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Quarantine Dreams pt 2

I know what you’re thinking. You’re thinking I’m standing in front of my open fridge, staring mindlessly at the same sad selection of wilting food I stared at yesterday and the day before. But you’d be wrong. I’m actually edging my way through the crowds at the Old Airport Road Hawker Centre in Geylang, Singapore. It’s a squat, two level concrete pile, open to the elements on all sides; it feels a little like a converted parking garage. Round metal tables are bolted to the floor, surrounded by similarly affixed stools, all of them occupied. I’m never going to find a seat. 

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 Hawker Centres are where everyone goes to eat in Singapore. The streets of this tiny island used to be crowded with food vendors until authorities started cracking down in the 60s, eventually corralling them all inside easily controlled and inspected buildings. So now it’s row upon row of individual stalls selling a brain melting array of delicious things, each vendor usually specialising in one thing; and despite the apparent chaos, like everything in Singapore, the joint is spotless and organised. 

 I’m starving, but I’m not ordering anything until I’ve made a complete lap of the place. The din is overwhelming– hawkers shouting their specials, customers calling to friends to hold a table or bring more spoons– a cheerful, musical hubbub bouncing around the brutal concrete walls. Traffic pouring along the Old Airport Road makes itself known, the steady rumble of workday traffic providing a static bass line to the cacophony. The humidity is extraordinary; giant industrial fans do their best, but it makes little difference. It’s a baking wet heat but no one really notices– it’s like this every day.

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 I wander the aisles, trying not to run into people, tables, carts loaded with dirty dishes. I feel conspicuous– the tall white guy stands out around here– but nobody seems to care. As long as I don’t get in the way, I’m as welcome as anyone. The food here is mostly Chinese and Malay: Satay, Laksa, barbecued chicken, noodles, curry puffs, the famous Hainan Chicken Rice, Sambal Stingray, frog porridge, fish curry… My strategy here is to find the longest queue and get on it. I try not to come here with a meal in mind, I want to try what’s good, what’s got the locals lining up. Honestly though, I’m hoping it’s the sticky, fatty, char-siew from those princes of barbecued pork at Roast Paradise…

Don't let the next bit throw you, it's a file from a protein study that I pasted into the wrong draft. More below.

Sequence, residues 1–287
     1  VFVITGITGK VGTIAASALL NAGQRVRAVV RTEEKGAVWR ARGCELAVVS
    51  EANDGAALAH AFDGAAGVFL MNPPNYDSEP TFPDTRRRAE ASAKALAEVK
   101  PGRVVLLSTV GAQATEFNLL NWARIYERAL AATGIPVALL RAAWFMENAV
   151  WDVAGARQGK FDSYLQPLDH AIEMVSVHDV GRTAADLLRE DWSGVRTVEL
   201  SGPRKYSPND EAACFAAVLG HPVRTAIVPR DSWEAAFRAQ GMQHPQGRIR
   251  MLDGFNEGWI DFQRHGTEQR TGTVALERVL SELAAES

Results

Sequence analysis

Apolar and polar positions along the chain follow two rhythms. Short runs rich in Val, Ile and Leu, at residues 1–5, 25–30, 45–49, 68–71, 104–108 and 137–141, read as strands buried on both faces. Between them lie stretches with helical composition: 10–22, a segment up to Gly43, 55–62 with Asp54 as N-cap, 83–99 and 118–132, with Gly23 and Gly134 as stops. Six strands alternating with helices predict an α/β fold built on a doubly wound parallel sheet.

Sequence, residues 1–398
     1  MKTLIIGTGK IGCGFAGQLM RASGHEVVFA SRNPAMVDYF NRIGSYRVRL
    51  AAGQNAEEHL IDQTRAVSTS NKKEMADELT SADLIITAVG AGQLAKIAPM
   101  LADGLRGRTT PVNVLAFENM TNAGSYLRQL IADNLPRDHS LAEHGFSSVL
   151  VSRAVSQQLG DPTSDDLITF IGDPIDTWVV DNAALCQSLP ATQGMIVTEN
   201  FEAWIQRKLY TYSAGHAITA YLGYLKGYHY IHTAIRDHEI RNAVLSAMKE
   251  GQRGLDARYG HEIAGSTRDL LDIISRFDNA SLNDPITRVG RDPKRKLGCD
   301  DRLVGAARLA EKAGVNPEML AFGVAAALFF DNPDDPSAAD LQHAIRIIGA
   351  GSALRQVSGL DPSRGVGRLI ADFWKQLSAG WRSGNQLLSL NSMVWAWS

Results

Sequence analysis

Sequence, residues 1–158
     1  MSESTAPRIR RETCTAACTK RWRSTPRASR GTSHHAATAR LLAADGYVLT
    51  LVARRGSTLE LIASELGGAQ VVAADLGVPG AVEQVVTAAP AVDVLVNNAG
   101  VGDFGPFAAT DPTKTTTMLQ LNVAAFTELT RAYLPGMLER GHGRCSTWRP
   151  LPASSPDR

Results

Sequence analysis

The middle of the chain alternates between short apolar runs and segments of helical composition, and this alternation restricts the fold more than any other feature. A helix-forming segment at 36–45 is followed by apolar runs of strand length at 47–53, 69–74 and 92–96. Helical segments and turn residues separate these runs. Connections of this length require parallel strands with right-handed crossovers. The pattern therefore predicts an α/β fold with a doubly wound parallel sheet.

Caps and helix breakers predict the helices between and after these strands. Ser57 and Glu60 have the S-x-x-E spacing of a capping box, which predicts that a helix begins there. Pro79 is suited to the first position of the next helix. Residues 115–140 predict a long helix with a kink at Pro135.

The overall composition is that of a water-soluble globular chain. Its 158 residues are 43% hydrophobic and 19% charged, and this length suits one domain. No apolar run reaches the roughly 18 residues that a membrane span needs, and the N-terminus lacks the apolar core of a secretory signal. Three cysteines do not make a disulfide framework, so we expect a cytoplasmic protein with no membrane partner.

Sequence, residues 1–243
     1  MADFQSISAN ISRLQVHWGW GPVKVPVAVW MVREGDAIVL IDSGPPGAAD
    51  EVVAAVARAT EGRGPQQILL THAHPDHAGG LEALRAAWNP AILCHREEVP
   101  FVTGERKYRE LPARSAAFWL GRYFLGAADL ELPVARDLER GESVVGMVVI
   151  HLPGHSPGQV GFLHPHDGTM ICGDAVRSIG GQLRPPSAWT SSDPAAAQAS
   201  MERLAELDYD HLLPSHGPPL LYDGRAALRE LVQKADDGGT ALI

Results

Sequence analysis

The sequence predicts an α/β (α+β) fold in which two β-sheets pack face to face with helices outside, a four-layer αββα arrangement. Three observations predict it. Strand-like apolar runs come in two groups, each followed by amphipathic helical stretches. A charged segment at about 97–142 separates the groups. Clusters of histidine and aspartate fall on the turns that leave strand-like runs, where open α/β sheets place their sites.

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  Appearances can be deceiving. It looks like I’m sitting on the couch, watching travel documentaries, nursing my 18th cup of tea for the day– but I’m not. I’m actually sitting on a plastic stool in an open air bar in the Old Quarter of Hanoi. Technically I’m inside, but there’s no front wall, so I’m effectively on the street. At 5 o’clock every evening, all around the city, the shutters go up on corner bars and folks start piling in. It’s called Bia Hoi- either the type of bar or the daily routine, I’ve never been sure which, but either way, it translates to a sort of Happy Hour. The joint is already loud and raucous, working men (it’s mostly men) getting loose and boisterous.

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 All the surfaces are shiny white tile, the floor already stained with spilled beer and fish sauce, cigarette butts, clumps of cilantro. I gaze out at the heaving street just metres away, the roiling waves of roaring motorbikes and brave cyclists flanked by rows of stained crumbling colonial houses. Banyan trees lean precariously over the melee, the hanging vines waiting for the right moment to grab a distracted rider. The thunder of gunning engines choking on cheap gasoline is pushed to every corner of my bar by a single overworked ceiling fan. Cooking smells are everywhere in the Old Quarter, and here the unmistakable waft from a deep fryer melds with the beer, petrol fumes, end-of-work-day humanity. The place is getting busy, office workers are getting rowdier, waitresses are sliding between tables, dropping off beers and small plates of drinking food. And over in the corner, quietly watching, a young bloke sits alone beside a keg of beer, his thumb over the attached length of garden hose, ready for the next order.

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 Here’s how it works. Find an empty stool and sit on it. Within seconds a small glass of beer will appear on the plastic table in front of you. Drink it. It doesn’t have a lot of flavour, maybe because it was brewed this morning, but it’s ice cold and refreshing. Put down your empty glass and it will be replaced with a full one. Drink this too. Repeat. They’ll bring you beer until you tell them to stop. I’ve had three or four, and I’m getting peckish. I see the old guys at the next table eating something, but there are no menus, so I get the waitress’ attention and make the img_7997-1universal mime for eating, then point to what they’ve got. She disappears, and minutes later I’ve got fish cakes! Intensely flavoured, deep fried discs of deliciousness, accompanied by the ubiquitous Nuoc Cham- salty, limey, sweet, spicy dipping sauce. I polish them off, down another beer and stop. The chili, the lime, the oily crunchy fish, the icy beer, the blistering heat, the roaring traffic, the happy drunken voices shouting in a language I can’t begin to decipher; they all wage some epic battle in my brain, while I sit there, blissed out, on top of the world.